A smaller planet called Theia hit the younger Earth 4.5 billion years ago with a force strong enough that caused both to fuse, creating the Earth as we know of today. The researchers added that the small piece broke off during the impact and formed the moon.

Lead author Edward Young and other researchers from the University of California did not find any difference between the Earth’s and the moon’s oxygen isotopes after studying six volcanic rocks from Hawaii and Arizona and seven Moon rocks brought back after the Apollo 12, 15 and 17 missions. If Theia only collided with Earth at a 45-degree angle, the moon would have been made mainly of Theia and the isotopes would have been different, but this new study proves that this was not the case.



“Theia was thoroughly mixed into both the Earth and the moon, and evenly dispersed between them,” Young said in a press release. “This explains why we don’t see a different signature of Theia in the moon versus the Earth.”

Theia was still developing into a planet during that time. If the crash did not happen, some experts believe it would have been the same size as Earth while others theorise that it would have been smaller, most likely the same size as Mars.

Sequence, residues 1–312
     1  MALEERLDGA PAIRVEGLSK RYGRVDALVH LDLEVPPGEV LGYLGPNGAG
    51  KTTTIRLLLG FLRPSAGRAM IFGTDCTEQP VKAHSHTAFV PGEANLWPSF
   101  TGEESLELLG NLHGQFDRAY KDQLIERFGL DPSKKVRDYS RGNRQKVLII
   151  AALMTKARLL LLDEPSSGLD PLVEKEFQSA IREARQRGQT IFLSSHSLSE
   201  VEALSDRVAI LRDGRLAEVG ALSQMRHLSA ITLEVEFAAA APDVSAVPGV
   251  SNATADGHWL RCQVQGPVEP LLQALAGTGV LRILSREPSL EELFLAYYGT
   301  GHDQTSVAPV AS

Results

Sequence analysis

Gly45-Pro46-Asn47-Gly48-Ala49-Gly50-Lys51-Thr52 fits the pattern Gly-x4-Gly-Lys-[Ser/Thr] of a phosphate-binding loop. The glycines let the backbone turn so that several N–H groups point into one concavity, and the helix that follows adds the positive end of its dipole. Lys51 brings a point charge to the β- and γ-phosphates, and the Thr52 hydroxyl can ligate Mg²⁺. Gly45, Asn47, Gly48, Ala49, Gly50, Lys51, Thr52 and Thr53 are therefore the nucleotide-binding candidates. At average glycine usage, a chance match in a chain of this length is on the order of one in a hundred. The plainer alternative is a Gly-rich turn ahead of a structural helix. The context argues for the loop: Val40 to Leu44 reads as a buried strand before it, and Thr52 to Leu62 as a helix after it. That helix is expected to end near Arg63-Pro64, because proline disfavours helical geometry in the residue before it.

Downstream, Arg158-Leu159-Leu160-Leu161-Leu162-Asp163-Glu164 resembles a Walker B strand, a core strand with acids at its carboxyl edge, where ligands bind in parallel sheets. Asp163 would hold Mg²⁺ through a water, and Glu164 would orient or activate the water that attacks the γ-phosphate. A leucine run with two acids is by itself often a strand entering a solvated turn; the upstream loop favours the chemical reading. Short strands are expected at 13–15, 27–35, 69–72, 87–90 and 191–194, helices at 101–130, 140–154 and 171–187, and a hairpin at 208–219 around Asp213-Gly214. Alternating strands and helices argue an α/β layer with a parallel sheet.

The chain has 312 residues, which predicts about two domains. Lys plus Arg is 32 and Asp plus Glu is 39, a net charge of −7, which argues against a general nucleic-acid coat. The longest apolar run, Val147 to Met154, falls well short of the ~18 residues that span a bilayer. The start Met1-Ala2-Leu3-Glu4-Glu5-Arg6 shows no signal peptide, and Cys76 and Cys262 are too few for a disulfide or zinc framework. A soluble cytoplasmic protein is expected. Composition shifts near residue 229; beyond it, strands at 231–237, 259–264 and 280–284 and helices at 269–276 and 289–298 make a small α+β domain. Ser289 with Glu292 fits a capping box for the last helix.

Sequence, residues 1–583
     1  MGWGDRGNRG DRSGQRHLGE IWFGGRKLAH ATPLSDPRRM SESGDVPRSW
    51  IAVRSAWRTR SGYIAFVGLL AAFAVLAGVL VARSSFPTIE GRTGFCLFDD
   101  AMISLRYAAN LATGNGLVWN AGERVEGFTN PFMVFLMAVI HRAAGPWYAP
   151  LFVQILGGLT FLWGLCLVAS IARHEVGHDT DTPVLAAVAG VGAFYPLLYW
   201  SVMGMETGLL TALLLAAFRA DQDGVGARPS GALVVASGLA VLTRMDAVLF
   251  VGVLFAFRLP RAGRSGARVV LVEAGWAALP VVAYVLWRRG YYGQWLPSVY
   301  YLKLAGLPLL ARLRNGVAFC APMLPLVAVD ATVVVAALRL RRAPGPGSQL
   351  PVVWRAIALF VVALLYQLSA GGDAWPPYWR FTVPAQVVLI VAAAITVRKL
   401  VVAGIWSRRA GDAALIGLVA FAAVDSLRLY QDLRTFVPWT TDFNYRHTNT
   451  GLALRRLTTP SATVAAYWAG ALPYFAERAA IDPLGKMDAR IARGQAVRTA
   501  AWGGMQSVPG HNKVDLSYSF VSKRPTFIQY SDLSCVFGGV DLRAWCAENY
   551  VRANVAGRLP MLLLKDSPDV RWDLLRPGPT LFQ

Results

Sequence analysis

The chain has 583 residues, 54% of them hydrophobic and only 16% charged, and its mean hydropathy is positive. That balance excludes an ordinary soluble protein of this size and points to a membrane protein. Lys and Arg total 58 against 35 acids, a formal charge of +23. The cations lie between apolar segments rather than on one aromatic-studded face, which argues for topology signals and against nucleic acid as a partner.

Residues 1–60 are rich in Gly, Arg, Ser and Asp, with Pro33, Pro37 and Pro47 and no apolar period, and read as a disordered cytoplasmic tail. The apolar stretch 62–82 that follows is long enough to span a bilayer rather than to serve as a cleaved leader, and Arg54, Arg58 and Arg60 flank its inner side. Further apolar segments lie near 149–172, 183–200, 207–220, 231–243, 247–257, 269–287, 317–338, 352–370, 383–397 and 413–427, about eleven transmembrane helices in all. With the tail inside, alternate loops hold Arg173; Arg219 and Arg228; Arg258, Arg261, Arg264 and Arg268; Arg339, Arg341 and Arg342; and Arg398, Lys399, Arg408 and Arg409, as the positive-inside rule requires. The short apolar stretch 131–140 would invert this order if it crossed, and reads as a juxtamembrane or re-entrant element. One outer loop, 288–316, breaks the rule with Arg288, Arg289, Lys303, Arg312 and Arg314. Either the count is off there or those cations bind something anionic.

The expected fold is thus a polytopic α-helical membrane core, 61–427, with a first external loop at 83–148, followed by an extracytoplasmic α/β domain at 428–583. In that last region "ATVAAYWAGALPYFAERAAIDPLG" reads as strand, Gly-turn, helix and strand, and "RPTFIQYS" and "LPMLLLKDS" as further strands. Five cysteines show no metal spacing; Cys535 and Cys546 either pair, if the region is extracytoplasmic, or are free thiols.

Young also came up with the idea that Theia might have removed any water from the early Earth during the impact. It was not until small water-rich asteroids hit the Earth tens of millions of years after the crash and filled the planet with water once again.

The idea has been around for some time when Matija Ćuk, a research scientist with the Search for Extraterrestrial Intelligence (SETI) Institute, and Sarah Stewart, a professor at UC Davis proposed the collision in 2012. Robin Canup of the Southwest Research Institute also raised the theory in the same year.